The star’s publicist made a statement at 11pm on Christmas Day, revealing that he had passed away “peacefully at home” aged just 53.
1. Anonymously donated £15k for a woman’s IVF treatment
Among them was the incredible tale from Pointless presenter Richard Osman that the star had anonymously donated £15,000 to a woman who couldn’t afford IVF.
2. Donated £25k to a stranger in debt
Replying to Richard Osman’s story, one person said George Michael had once been seen in a cafe helping out a stranger who was crying because she was in debt.
Not wanting her to know he was helping, he gave the waitress a cheque for £25,000 to give to her after he left.
3. Secretly volunteered at homeless shelter
It has also emerged that George Michael was anonymously volunteering at a homeless shelter, and had asked other volunteers to keep it a secret.
One revealed it after his death to show what a true philanthropist the man was.
4. Anonymously donated millions to Childline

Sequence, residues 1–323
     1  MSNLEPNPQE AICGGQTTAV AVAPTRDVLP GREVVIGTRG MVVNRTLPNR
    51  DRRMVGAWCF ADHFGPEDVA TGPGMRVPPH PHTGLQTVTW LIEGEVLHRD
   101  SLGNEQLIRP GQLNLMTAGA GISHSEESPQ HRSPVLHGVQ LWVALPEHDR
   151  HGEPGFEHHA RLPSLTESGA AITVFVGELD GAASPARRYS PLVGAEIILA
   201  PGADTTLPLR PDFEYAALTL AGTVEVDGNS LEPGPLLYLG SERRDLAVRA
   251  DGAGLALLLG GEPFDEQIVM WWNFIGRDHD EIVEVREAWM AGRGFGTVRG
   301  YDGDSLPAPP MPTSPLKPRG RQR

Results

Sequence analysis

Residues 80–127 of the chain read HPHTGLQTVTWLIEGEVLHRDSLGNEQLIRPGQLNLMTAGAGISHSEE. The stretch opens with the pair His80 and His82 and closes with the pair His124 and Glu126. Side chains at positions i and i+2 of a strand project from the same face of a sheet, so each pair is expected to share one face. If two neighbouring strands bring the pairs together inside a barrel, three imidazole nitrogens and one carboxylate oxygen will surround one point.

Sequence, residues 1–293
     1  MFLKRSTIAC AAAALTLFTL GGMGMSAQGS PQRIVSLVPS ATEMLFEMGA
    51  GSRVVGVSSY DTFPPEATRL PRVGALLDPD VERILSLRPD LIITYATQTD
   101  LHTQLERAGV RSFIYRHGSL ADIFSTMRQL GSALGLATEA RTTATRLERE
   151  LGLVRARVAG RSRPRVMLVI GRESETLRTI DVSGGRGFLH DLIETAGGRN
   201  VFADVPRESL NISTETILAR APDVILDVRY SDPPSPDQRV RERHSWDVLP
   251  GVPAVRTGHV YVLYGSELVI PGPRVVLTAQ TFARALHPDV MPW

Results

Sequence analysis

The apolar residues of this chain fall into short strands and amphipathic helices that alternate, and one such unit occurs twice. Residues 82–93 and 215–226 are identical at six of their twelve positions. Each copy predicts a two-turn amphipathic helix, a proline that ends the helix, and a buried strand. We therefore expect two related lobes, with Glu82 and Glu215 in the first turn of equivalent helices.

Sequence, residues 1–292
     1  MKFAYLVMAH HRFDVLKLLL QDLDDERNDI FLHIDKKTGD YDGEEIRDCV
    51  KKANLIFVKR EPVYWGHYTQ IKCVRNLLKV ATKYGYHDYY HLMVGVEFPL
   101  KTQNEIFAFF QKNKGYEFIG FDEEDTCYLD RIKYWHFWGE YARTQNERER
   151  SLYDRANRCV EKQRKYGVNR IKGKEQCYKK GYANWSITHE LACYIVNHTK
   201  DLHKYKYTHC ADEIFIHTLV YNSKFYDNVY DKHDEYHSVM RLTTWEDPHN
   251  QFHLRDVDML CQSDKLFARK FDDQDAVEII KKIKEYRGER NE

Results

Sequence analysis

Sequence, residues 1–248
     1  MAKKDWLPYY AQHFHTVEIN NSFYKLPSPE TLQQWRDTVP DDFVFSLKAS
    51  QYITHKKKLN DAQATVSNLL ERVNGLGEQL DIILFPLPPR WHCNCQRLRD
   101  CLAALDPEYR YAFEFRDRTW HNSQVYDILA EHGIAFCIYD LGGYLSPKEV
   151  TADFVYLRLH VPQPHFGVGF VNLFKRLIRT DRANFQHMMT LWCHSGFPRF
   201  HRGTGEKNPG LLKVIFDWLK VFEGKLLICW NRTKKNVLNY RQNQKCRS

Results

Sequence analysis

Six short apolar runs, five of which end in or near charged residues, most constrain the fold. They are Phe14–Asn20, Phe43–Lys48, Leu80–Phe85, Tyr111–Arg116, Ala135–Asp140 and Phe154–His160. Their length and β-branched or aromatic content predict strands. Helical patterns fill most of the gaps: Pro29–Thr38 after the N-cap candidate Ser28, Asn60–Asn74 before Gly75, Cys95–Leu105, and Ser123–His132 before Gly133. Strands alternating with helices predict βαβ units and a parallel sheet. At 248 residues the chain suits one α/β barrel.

Childline’s founder and president Dame Esther Rantzen told the Press Association: “For years now he has been the most extraordinarily generous philanthropist, giving money to Childline, but he was determined not to make his generosity public so no-one outside the charity knew how much he gave to the nation’s most vulnerable children.
5. Kept small charities afloat
One woman tweeted to say she had once spoken to someone from a charity who said they were “only afloat” because of George Michael.
6. Supported NHS nurses
In 2006, George held a special free concert for NHS nurses to attend in north London.
He announced he would be hosting the event as a special thank you to the nurses who had cared for his late mother.
At the time, nurses who attended spoke to the BBC about how it made them feel.
Susan Steadman said: “He made all of us feel special. People do say thank you, but for George to say it publicly feels good.”
Ranjani Kendrick said: “I had the time of my life. It was such a vibrant atmosphere. I thank George Michael for making us feel appreciated.